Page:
From the drum: joy and healing
Ten benefits of drum therapy
According to the experts there’s a lot of good that comes out of drumming.
Below are ten benefits according to Christiane Northrup, a women’s health expert and bestselling New York Times author:
• It makes you happy
• It induces deep relaxation through a reversal in stress hormones
• It boosts your immune system
• It helps control chronic pain as it serves as a distraction from pain and helps produce endorphins that act as painkillers
• Drumming circles create a sense of connectedness
• Simply feeling the beat aligns your body and mind with the natural world
• It provides a way to access a higher power
• The act of drumming helps people to release negative feelings
• It puts you in the present moment
•It allows for personal transformation through self-expression and feedback from other drummers
Of one thing Kathryn Maroun is certain: sometimes you just need to bang on a drum.
She started taking lessons last year after a traumatic period. Lyme disease halted her career as a professional fly fisherman and producer of What A Catch, an award-winning Canadian fishing show.
In Bermuda, her house blew up — with her and her husband Louis in it.
Always “a cup half-full kind of person”, she managed. And then she lost her father, Donald Munroe, last May.
The “accomplished musician” played the saxophone and the banjo and was the lead singer in a Canadian band, The Second Profession. “I couldn’t imagine life without him and I thought his death was the most major thing that ever happened in my life — more major than getting blown up,” Mrs Maroun said. “But I also thought how this could define me; that how I deal with this terrible loss and shock would set the tone for how I go forward.”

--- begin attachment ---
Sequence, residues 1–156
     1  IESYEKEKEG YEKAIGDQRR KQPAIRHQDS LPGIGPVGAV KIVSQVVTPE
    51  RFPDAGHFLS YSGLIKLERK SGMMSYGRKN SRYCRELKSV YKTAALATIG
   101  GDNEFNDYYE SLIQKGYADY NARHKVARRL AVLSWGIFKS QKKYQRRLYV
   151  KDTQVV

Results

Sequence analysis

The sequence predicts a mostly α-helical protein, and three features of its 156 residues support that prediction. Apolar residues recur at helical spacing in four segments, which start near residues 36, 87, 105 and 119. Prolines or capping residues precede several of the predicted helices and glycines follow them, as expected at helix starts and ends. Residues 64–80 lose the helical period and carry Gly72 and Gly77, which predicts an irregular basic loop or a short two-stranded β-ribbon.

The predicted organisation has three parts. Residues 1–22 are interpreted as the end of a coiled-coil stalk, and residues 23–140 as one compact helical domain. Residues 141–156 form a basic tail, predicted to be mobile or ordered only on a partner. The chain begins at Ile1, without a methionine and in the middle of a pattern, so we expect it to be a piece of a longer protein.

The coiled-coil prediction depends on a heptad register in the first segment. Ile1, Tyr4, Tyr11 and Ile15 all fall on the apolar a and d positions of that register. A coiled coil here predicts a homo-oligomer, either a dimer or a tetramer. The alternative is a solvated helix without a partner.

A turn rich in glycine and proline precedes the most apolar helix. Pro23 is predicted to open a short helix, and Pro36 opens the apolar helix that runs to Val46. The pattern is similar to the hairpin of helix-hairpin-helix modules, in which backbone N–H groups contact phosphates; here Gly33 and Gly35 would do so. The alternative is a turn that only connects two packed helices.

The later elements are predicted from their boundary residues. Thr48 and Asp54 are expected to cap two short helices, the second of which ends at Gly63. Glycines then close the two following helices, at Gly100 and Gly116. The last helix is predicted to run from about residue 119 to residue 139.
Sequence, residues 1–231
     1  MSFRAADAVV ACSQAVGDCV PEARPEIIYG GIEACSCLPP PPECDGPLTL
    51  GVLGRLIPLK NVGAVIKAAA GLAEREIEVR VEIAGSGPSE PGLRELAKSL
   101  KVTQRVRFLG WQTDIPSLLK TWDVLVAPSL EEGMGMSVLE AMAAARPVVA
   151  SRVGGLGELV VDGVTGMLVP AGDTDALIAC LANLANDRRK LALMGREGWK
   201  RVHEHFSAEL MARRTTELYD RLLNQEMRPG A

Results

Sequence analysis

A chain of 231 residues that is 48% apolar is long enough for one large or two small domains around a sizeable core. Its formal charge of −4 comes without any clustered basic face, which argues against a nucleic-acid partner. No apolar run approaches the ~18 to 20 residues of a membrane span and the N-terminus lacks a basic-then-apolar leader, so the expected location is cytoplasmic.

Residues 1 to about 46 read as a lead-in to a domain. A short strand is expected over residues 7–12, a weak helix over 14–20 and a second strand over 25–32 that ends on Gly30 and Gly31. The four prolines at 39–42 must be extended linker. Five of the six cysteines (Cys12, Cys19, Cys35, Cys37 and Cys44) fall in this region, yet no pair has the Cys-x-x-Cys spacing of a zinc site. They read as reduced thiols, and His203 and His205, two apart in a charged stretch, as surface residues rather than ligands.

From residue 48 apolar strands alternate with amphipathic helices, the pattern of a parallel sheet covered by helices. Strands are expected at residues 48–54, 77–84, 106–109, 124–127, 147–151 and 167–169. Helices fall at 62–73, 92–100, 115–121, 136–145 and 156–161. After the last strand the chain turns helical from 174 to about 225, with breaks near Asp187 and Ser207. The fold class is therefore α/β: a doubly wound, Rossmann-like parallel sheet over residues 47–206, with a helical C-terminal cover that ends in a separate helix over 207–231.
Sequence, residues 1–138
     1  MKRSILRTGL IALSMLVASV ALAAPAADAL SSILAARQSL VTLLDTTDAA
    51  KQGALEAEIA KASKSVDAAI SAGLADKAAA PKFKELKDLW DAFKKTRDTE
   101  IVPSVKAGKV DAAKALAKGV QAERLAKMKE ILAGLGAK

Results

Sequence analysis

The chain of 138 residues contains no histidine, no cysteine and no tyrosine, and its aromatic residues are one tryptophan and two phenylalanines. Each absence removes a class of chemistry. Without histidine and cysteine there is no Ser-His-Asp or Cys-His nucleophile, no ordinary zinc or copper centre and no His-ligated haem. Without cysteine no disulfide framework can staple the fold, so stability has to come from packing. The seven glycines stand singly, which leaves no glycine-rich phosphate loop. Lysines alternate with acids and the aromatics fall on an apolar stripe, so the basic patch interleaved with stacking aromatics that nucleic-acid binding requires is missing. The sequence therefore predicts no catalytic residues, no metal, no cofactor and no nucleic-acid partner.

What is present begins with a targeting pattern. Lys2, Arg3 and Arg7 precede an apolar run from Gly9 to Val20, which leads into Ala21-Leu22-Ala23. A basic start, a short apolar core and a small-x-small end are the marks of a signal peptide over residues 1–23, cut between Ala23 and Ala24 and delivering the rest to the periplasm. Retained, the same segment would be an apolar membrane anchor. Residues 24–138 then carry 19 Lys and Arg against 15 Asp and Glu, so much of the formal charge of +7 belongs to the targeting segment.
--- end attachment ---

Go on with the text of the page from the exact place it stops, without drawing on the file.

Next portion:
It was around that time that she noticed a cardinal was following her around “singing the same song day after day”.
Mrs Maroun became convinced that “the father bird” was trying to tell her something and eventually worked out what it was.
At 51, with limited musical ability, she began lessons with Nick Wadson of Bermuda Drum Institute.
“I think [the red bird] was trying to tell me to find joy and healing in music because my dad was very musical,” she said. “I’d failed miserably at guitar, the recorder, the ukulele and thought the easiest would be drums. Music was good at keeping me in the moment. I found it’s very primal and very healing.”
Mrs Maroun added: “I experienced all of its health benefits. It’s been phenomenal. I feel a closeness with my dad every time I play.”
She began bringing people together to make music in honour of her father’s memory.
It led to the creation of Bermudaful DrumHers and Bermudaful Drummers.
Members will perform with three professional djembe drummers from New York as part of The Royal Gazette Bermuda Triangle Challenge tomorrow and Sunday, travelling the circuit on a flatbed truck to announce the runners.
There will also be drums at the finish line so people can try their skills and learn more about drumming.